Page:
The biggest insurance risk, the risk of pension poverty, has meanwhile been handed back to those who can least afford it. Pensions are not defined by what one expects to be a sufficient income on retirement but by what one has been told to contribute minus investment losses inflicted by the market. Desperate attempts to increase savings are punished with zero interest rates.

Poor people are compelled to buy un­healthy food, because it is cheaper: sugary drinks, fatty snacks and unsavoury meals all have less nutritional value per penny spent. The result is poor health, which painfully lowers employment possibilities and hence income.

With hardly any money to spare, the poor will shop at deep discount stores, those shops that sell food not by weight but in portions, and household and consumer goods for seemingly affordable ‘one euro only’ prices. When weight and measurement of such purchases are taken into account, they are perhaps affordable, but without exception more expensive per unit.

Poor people trapped in the rat race of survival will smoke more too – an expensive, ill-affordable escapism that is increasingly socially exclusive and detrimental to advances in the job market.

Insufficient income nurtures desperate hopes. People living on the poverty threshold tend to gamble beyond their means. They are easy game for tricksters and online scams which cost them dearly. They buy more lottery tickets than the wealthy, in the hope of a break with misery. The chances to win a lottery are multiple times smaller than death through illness or accident. It is money thrown out of the window.

Poor people bridge the gap between necessary expenditure and insufficient means with credit they can ill afford, being easy prey for loan sharks, pawn shops and the credit card business. Credit cards charge interest rates on par with loan sharks: 28 per cent per annum is the average standard.

For people trapped in credit card debt there is hardly a way to ever escape, while wealthy corporations don’t have to pay for their debt at all. The yield of the 2022 MasterCard euro bond hovers close to zero. For the sake of clarity I should mention that the extortionate interest charged on credit card debt is not going to credit card companies but to the banks that issue the cards. The card companies’ income is based on user and merchant fees.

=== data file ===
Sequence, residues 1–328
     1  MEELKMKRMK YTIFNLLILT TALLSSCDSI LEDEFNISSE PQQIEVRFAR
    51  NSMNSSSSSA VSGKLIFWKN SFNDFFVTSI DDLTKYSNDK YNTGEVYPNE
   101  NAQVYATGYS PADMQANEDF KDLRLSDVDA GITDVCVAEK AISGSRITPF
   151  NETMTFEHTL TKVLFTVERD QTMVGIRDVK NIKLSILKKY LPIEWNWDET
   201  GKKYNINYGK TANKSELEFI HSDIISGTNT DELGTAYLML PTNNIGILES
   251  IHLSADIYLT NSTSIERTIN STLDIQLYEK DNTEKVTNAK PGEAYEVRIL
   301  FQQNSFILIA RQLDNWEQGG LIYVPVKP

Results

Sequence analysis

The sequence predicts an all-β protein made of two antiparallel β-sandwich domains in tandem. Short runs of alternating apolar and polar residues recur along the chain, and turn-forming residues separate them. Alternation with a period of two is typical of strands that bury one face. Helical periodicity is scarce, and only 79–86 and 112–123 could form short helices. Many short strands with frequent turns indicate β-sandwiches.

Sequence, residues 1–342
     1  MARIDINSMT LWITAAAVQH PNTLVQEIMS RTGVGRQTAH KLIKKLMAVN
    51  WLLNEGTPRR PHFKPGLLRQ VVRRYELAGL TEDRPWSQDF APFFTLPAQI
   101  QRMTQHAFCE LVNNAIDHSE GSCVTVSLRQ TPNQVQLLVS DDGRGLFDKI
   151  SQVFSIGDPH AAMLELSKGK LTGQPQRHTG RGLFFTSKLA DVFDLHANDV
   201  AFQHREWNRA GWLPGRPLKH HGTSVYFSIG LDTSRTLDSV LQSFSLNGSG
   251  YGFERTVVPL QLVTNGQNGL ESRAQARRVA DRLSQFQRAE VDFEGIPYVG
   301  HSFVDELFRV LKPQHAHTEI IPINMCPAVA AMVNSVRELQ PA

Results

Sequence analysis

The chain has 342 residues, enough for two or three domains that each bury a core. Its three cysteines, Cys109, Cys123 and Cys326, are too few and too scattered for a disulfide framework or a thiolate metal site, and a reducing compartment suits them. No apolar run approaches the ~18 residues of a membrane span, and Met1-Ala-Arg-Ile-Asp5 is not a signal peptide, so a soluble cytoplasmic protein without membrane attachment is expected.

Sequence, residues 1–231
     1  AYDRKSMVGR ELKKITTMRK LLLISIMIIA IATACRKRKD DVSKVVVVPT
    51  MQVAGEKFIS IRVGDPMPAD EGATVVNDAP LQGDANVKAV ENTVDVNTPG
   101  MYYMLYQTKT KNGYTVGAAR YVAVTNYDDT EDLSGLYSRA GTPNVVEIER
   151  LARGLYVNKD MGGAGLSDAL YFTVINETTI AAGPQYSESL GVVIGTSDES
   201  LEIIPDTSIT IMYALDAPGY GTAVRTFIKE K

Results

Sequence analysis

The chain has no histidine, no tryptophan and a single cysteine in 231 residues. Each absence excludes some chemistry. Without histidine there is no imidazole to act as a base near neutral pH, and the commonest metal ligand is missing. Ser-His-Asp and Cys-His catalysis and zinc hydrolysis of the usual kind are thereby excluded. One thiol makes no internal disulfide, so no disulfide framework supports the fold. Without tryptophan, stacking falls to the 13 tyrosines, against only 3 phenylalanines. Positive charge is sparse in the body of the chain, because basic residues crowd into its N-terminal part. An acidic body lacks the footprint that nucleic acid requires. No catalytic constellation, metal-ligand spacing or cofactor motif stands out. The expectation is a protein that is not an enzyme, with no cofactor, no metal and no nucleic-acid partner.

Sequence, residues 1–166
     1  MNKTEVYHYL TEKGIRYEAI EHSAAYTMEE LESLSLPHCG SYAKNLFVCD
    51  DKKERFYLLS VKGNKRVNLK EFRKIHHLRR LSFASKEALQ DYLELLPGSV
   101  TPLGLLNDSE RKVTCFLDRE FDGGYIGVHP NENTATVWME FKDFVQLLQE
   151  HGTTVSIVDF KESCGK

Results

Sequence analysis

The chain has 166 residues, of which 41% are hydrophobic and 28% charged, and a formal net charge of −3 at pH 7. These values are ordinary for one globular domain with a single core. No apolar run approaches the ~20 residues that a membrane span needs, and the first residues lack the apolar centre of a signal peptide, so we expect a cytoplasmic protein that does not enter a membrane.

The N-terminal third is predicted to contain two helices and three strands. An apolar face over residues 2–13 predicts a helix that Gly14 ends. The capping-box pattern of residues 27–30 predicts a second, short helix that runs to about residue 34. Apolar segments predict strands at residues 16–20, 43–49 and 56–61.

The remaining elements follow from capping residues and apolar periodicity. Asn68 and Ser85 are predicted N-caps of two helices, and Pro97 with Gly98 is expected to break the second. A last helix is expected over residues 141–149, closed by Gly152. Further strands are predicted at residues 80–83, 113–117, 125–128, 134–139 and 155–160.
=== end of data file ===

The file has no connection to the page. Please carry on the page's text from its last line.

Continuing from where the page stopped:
Where does this leave us retail investors? Should we invest in pound stores like Dollar General or Dollar Tree, with their share prices having increased sevenfold in the last 10 years? Should we invest in gambling companies like 888, Paddy Power, Betfair or William Hill, or less controversially, put our money into card companies?

The share prices of the world’s largest payment facilitators ‒ MasterCard and Visa Inc ‒ have done very well since they were transformed from a joint project of 25,000 banks into public companies enabling payments between merchants and customers for a fee. They don’t issue the plastic and they don’t run the credit business. This darker side remained with financial institutions.

Both Visa and MasterCard are $300 billion corporations with a profit margin of almost 50 per cent. They show healthy growth despite Chinese competition and they try to stay on top of payment technology. They are very expensive though, both of them. With a price-to-earnings ratio of 33 and 37 respectively, there is little upside-hope in a nervous market, yet a sizable litigation risk for overcharging.

Considering all the above I’d advise those of us who can afford to spend a few quid on a cinema ticket to watch Sorry We Missed You by Ken Loach. The expense will not boost your investment knowledge but open your eyes to what it costs to be poor.

Andreas Weitzer is an independent journalist based in Malta. He reports on the economy, politics and finance. The purpose of his column is to broaden readers’ general financial know­ledge and it should not be interpreted as presenting investment advice or advice on the buying and selling of financial products.